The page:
Catalysts that are contemplated for use in the present method include any of the Fischer-Tropsch catalysts known in the art, such as cobalt, ruthenium, cobalt/ruthenium, cobalt/rhenium, iron, and nickel. In particular, the catalyst preferably includes cobalt. The amount of cobalt present in the catalyst may vary widely. Typically, the catalyst comprises cobalt in an amount totaling from about 10 to 25% by weight (as the metal) of the total weight of catalytic material and support, preferably from about 12 to 25% by weight, and more preferably from about 15 to about 23% by weight.
The catalyst may also include a promoter selected from Groups 1-11 and 13 of the Periodic Table (New Notation). Less preferred promoters are selected from Groups 12 and 14. Particularly preferred promoters include but are not limited to: nickel, chromium, iron, molybdenum, potassium, manganese, vanadium, rhenium and ruthenium. The amount of promoter is added to the cobalt catalyst in a concentration sufficient to provide a weight ratio of elemental promoter to elemental cobalt between about 0.0001 and about 0.5, and preferably between about 0.001 and about 0.1 (dry basis).
As mentioned above, it is normally advantageous to activate the catalyst prior to use by reducing it in the presence of hydrogen at an elevated temperature. Typically, the catalyst is treated with hydrogen at a temperature in the range of from about 75° C. to about 500° C., for about 0.5 to about 24 hours at a pressure of about 1 to about 50 atm. Pure hydrogen may be used in the reduction treatment, as may a mixture of hydrogen and an inert gas such as nitrogen, or a mixture of hydrogen and other gases as are known in the art, such as carbon monoxide and carbon dioxide. Reduction with pure hydrogen and reduction with a mixture of hydrogen and carbon monoxide are preferred. The amount of hydrogen may range from about 1% to about 100% by volume.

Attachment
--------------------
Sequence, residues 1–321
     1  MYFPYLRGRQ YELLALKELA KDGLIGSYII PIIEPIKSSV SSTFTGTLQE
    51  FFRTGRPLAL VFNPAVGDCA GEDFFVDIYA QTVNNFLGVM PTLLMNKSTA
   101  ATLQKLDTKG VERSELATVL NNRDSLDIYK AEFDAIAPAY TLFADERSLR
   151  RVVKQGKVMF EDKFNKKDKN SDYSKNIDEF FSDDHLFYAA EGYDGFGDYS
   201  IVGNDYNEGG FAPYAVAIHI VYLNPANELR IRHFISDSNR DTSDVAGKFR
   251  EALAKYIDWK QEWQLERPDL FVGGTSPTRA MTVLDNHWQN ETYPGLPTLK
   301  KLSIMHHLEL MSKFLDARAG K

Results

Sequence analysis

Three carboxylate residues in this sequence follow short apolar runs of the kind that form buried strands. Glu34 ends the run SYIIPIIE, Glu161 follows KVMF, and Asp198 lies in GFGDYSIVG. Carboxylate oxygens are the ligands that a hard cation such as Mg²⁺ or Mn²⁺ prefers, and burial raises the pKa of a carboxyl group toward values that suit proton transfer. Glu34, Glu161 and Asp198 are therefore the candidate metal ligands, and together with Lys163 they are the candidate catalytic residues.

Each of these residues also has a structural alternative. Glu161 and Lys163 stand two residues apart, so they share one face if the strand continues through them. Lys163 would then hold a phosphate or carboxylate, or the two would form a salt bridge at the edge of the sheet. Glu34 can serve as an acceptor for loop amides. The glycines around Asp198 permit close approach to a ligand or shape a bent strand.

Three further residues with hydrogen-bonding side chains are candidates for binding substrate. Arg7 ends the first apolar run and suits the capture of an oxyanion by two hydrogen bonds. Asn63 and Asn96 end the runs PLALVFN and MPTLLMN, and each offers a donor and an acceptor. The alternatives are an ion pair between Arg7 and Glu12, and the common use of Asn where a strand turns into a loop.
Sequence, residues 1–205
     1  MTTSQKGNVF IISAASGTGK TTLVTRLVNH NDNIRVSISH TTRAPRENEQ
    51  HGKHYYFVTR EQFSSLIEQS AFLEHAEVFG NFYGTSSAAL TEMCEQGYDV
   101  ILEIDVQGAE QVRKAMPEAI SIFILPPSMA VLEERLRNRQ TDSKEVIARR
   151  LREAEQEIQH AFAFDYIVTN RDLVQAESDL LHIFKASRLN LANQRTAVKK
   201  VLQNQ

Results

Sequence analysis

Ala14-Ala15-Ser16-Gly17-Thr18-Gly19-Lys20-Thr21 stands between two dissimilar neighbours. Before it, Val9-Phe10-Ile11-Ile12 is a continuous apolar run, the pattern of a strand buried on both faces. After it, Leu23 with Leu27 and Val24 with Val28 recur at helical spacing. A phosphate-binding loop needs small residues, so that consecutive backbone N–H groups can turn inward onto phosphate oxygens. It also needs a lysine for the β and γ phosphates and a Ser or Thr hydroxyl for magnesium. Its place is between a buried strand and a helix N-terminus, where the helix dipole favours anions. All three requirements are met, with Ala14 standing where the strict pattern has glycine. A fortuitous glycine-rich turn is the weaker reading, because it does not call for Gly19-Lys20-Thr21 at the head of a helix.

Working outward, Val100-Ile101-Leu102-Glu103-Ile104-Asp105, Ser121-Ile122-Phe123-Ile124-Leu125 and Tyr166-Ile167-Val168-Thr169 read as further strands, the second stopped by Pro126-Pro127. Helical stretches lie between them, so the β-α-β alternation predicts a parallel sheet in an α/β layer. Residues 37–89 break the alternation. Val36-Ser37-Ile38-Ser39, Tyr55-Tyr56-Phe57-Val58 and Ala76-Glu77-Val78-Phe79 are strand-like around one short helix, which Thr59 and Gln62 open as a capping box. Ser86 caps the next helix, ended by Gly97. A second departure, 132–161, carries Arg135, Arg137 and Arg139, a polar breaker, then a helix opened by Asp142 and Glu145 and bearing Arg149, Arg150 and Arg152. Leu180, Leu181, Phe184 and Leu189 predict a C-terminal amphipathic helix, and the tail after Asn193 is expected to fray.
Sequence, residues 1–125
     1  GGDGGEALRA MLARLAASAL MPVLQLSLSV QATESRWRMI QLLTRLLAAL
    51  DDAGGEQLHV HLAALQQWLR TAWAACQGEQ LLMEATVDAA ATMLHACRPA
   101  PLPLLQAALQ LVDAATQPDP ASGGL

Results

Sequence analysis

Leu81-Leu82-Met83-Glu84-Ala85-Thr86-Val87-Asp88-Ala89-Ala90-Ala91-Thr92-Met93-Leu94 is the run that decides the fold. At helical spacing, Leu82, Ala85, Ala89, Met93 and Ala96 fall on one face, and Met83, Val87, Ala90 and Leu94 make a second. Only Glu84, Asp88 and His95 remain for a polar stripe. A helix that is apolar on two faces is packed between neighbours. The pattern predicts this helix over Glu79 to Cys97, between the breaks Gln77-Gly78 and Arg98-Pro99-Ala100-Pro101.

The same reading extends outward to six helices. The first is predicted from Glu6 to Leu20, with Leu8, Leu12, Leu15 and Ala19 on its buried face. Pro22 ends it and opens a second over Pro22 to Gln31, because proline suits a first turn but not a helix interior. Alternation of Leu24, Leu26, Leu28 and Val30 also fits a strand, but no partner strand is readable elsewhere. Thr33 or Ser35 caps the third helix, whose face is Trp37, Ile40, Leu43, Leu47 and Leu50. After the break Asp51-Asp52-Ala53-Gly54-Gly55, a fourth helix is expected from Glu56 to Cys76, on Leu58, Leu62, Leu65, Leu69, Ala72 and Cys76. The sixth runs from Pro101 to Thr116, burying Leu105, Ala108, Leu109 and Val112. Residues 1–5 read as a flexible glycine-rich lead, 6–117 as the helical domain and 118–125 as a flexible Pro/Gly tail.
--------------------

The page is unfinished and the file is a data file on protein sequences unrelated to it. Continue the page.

The feed gases charged to the synthesis process comprise hydrogen, or a hydrogen source, and carbon monoxide. H2/CO mixtures suitable as a feedstock for conversion to hydrocarbons according to the synthesis process can be obtained from light hydrocarbons such as methane by means of steam reforming, partial oxidation, or other processes known in the art. Preferably, the hydrogen is provided by free hydrogen, although some Fischer-Tropsch catalysts have sufficient water gas shift activity to convert some water to hydrogen for use in the Fischer-Tropsch process. It is preferred that the molar ratio of hydrogen to carbon monoxide in the feed be greater than 0.5:1 (e.g., from about 0.67:1 to 2.5:1). The feed gas stream may contain hydrogen and carbon monoxide in a molar ratio of about 2:1. The feed gas stream may also contain carbon dioxide. The feed gas stream may contain a low concentration of compounds or elements that have a deleterious effect on the catalyst, such as poisons. In these cases, the feed gas may need to be pre-treated to remove the low concentrations of sulfur or nitrogen compounds such as hydrogen sulfide, ammonia and carbonyl sulfides.